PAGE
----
In the Kodak bankruptcy, Global IP was brought on in a very different role: as an outside adviser to the unsecured creditors, including Wal-Mart Stores and Sony Pictures Entertainment. Its job was to determine if the proposed auction was undervaluing the patents, and to advise the creditors if they might be better off taking another approach, like licensing the patents.

The very different experiences of Nortel and Kodak point to the many factors that go into pricing patents. Timing, competitive forces, regulation and court rulings all have an effect, said Ronald S. Laurie, managing director of Inflexion Point Strategy.

“Patents are a volatile, spot market,” he said. “This is a market, but a market that is more like art than stocks or oil.”

Ron Epstein, chief executive of Epicenter IP Group, agreed that pricing patents, especially large portfolios, was difficult. But he said he thought corporate trading in patents would become more commonplace, and pricing more routine. Someday, he predicted, patent acquisition costs may be a standard line item in corporate earnings statements.

“By fits and starts, we are moving to a more efficient marketplace for innovation,” Mr. Epstein said.

Calling patents an asset class is shortsighted, said Kevin Rivette, a founder of 3LP Advisors. The larger value of a portfolio, he said, can be as a strategic tool to negotiate lower costs from a supplier or to alter a rival’s product plans.

“You can use patents to change the competitive landscape,” he said.

Article source: http://dealbook.nytimes.com/2012/09/24/with-smartphone-deals-patents-become-a-new-asset-class/?partner=rss&emc=rss

Economix Blog: Casey B. Mulligan: The iPhone and Consumer Spending


Casey B. Mulligan is an economics professor at the University of Chicago.

That the introduction of iPhone 5 increases consumer spending is no triumph for Keynesian economics, but merely an advertisement for plans by the Bureau of Economic Analysis to improve national accounting.

Today’s Economist

Perspectives from expert contributors.

Suppose there were an island economy with 100 able-bodied adults, all of whom work as fisherman, each catching a fish a day. The 100 fish are eaten by the island people, which makes inflation-adjusted daily consumer spending in the economy – or consumption, as economists call it – equal to 100.

(In order to clarify concepts and measurement practices, I have deliberately kept this model economy simple, with no unemployment, liquidity traps and the like.)

Now suppose that 10 of the fisherman decide to quit fishing to build, nurture and tend to an apple orchard. In the beginning, the orchard produces no apples, so consumer spending drops to 90 fish a day, because only 90 adults are out fishing while the other 10 are developing an orchard.

Time passes, and a bountiful 100-apple harvest occurs. Because the apples taste good, the island fishermen obtain all 100 apples from 10 orchard owners in exchange for fish. The apple harvest has by itself boosted consumption in the economy, which suddenly jumped from 90 fish a day to 90 fish a day plus 100 apples.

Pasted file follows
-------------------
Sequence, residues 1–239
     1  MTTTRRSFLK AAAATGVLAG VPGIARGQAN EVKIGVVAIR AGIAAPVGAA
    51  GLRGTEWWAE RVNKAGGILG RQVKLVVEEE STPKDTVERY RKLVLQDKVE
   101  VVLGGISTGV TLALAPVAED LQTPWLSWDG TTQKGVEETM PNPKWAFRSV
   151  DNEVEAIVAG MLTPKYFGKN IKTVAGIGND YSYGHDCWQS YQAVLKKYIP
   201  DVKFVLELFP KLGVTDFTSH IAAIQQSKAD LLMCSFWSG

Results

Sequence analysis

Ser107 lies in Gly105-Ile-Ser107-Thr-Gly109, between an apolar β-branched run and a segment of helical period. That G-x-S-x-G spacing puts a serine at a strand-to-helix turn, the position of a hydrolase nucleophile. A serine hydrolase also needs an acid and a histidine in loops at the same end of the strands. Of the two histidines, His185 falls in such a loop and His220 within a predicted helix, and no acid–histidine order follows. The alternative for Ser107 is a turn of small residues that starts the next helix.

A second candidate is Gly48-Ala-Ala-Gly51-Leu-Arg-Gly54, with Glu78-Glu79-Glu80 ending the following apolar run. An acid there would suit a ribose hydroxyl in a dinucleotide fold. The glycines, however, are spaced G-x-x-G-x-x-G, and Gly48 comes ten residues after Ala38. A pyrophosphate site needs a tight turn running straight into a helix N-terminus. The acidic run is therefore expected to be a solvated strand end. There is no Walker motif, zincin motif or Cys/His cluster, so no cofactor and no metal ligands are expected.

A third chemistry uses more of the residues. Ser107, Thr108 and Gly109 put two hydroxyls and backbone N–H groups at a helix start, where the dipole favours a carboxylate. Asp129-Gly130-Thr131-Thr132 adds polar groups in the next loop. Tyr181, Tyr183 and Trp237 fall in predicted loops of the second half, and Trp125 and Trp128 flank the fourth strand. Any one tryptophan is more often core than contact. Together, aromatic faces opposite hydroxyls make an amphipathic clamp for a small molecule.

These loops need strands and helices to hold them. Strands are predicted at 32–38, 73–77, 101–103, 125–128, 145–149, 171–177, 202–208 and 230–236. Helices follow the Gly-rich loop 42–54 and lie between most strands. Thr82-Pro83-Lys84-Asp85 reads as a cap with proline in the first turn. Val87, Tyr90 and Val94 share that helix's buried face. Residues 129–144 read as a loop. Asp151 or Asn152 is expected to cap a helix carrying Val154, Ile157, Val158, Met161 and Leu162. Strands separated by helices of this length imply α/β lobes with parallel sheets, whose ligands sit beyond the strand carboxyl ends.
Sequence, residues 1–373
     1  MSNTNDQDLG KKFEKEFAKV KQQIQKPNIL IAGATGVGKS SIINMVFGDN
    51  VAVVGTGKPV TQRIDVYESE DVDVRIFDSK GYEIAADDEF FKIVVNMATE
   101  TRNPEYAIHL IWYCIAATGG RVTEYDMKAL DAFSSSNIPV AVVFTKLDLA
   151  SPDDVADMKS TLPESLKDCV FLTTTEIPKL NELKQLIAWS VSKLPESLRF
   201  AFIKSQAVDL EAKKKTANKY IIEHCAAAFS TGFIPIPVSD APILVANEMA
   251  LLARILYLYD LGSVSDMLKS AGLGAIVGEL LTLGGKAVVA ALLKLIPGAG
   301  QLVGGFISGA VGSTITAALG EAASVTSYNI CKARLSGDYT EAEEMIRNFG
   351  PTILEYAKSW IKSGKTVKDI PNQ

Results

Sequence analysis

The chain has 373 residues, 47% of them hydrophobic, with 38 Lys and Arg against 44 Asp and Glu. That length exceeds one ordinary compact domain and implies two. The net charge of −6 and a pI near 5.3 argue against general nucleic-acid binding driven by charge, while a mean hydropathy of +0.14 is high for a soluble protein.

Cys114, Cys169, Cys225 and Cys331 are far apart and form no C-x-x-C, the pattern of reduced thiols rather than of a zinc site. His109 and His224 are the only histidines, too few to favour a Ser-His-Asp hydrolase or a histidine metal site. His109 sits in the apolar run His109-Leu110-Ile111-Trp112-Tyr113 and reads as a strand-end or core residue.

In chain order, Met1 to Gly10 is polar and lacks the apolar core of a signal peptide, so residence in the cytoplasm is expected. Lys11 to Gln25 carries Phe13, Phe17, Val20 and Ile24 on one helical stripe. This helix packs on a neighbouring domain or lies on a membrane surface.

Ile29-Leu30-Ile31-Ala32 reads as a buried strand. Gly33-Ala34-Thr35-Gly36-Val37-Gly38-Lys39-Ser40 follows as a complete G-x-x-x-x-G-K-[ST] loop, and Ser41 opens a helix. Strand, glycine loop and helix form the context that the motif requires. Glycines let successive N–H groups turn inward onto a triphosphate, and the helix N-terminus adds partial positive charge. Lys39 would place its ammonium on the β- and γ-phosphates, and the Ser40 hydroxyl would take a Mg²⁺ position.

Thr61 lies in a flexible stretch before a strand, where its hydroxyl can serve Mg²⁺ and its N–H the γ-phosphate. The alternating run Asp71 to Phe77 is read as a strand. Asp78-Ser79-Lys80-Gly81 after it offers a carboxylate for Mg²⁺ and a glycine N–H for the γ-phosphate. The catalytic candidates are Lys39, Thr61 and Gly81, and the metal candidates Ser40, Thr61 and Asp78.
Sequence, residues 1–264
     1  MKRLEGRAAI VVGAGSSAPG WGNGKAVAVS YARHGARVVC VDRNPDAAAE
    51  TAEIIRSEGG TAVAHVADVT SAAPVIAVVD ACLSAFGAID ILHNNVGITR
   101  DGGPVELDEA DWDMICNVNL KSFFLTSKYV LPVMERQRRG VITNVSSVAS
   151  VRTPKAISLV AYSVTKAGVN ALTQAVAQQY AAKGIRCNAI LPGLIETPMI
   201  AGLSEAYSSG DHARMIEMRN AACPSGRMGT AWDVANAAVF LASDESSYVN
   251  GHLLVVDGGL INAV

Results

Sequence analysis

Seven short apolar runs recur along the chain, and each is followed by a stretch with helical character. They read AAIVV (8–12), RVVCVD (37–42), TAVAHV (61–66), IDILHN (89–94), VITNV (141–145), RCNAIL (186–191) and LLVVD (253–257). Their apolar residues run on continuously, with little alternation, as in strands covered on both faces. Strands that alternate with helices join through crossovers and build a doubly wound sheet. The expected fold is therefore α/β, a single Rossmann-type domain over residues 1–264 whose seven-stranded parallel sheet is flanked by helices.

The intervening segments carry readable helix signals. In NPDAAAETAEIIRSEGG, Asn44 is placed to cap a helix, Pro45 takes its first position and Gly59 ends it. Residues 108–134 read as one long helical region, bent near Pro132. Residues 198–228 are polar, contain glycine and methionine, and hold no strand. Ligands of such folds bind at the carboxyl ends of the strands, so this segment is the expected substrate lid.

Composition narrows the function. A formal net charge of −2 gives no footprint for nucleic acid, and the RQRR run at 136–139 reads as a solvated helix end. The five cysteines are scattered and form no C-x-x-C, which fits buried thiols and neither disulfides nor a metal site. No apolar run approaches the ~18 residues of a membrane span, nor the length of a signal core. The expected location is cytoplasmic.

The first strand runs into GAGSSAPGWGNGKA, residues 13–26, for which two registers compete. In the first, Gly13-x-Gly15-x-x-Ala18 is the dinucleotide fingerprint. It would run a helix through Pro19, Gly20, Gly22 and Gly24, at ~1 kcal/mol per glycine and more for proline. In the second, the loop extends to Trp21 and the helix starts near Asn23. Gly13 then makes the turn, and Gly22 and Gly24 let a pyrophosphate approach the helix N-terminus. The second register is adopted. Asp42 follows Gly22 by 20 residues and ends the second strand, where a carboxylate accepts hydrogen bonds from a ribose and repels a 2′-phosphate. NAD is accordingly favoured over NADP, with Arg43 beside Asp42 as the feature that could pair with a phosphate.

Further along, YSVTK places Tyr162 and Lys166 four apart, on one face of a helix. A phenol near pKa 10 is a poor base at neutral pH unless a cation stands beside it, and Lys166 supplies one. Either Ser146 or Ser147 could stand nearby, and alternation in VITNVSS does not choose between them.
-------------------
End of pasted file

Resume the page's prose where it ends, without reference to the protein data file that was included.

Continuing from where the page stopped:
It would be ridiculous to proclaim that the apple harvest and its effect on consumer spending prove that the economy is plagued by a liquidity trap, or to insist that the immediate effect of the harvest on consumer spending is independent of the quality of the apples. By construction, this model economy has no Keynesian features, yet nonetheless a harvest has a large effect on measured consumption.

Consider now the American economy, in which Apple has just released its iPhone 5, and some economists say they believe that the release itself will noticeably increase aggregate consumer spending. Paul Krugman has gone even further, to assert that the increase is a proof for Keynesian economics and that the “short-run benefits from the new phone have almost nothing to do with how good it is.

Even if Keynesian economics were completely wrong, economists would expect the iPhone 5 release to cause consumer spending and gross domestic product to be greater than it was before the release, to a degree related to the phone’s overall value to consumers. Note that, as in my island economy, the development of Apple products reduces consumption before the release, because the people working on the coming products are not available to produce consumer goods during that time.

Much of the development work on the iPhone 5 did not, before its release, count as investment or G.D.P. (G.D.P. is the sum of public and private consumption and public and private investment). The national accounts treat research and development activities as intermediate inputs, which means that they are subtracted from revenue for the purpose of determining a corporation’s contribution to national production.

This same is true for, say, Apple’s legal expenses in developing patents (many of which are discussed on the Mactech Web site) and license terms for their new product.

These development activities appear as G.D.P. only when the product is completed and sold. If the product is not valuable, it will not sell and will not count for much, although national consumption could still rise if upon project completion the developers move out of development and into the production of consumer goods.

(Research and development employees usually receive wages during the development phase, but their prerelease compensation comes out of corporate profits).